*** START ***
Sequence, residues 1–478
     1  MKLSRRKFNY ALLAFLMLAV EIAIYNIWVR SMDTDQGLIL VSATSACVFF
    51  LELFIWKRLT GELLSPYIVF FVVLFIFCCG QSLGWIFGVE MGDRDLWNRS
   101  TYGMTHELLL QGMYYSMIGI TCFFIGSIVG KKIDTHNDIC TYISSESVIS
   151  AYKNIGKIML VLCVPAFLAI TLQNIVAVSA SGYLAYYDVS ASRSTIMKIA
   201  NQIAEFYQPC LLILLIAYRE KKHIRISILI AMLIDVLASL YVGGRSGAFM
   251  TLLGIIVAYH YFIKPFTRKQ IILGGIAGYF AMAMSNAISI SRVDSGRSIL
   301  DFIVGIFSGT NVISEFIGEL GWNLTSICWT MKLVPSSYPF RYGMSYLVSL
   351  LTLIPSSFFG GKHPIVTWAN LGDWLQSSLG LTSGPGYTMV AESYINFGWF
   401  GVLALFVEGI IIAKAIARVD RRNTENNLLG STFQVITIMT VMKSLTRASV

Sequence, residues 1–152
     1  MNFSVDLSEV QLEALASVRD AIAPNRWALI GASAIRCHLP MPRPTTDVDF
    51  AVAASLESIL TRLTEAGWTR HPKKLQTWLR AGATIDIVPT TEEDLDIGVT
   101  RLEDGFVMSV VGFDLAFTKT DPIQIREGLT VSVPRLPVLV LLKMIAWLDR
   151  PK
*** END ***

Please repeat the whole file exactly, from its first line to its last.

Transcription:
Sequence, residues 1–478
     1  MKLSRRKFNY ALLAFLMLAV EIAIYNIWVR SMDTDQGLIL VSATSACVFF
    51  LELFIWKRLT GELLSPYIVF FVVLFIFCCG QSLGWIFGVE MGDRDLWNRS
   101  TYGMTHELLL QGMYYSMIGI TCFFIGSIVG KKIDTHNDIC TYISSESVIS
   151  AYKNIGKIML VLCVPAFLAI TLQNIVAVSA SGYLAYYDVS ASRSTIMKIA
   201  NQIAEFYQPC LLILLIAYRE KKHIRISILI AMLIDVLASL YVGGRSGAFM
   251  TLLGIIVAYH YFIKPFTRKQ IILGGIAGYF AMAMSNAISI SRVDSGRSIL
   301  DFIVGIFSGT NVISEFIGEL GWNLTSICWT MKLVPSSYPF RYGMSYLVSL
   351  LTLIPSSFFG GKHPIVTWAN LGDWLQSSLG LTSGPGYTMV AESYINFGWF
   401  GVLALFVEGI IIAKAIARVD RRNTENNLLG STFQVITIMT VMKSLTRASV

Sequence, residues 1–152
     1  MNFSVDLSEV QLEALASVRD AIAPNRWALI GASAIRCHLP MPRPTTDVDF
    51  AVAASLESIL TRLTEAGWTR HPKKLQTWLR AGATIDIVPT TEEDLDIGVT
   101  RLEDGFVMSV VGFDLAFTKT DPIQIREGLT VSVPRLPVLV LLKMIAWLDR
   151  PK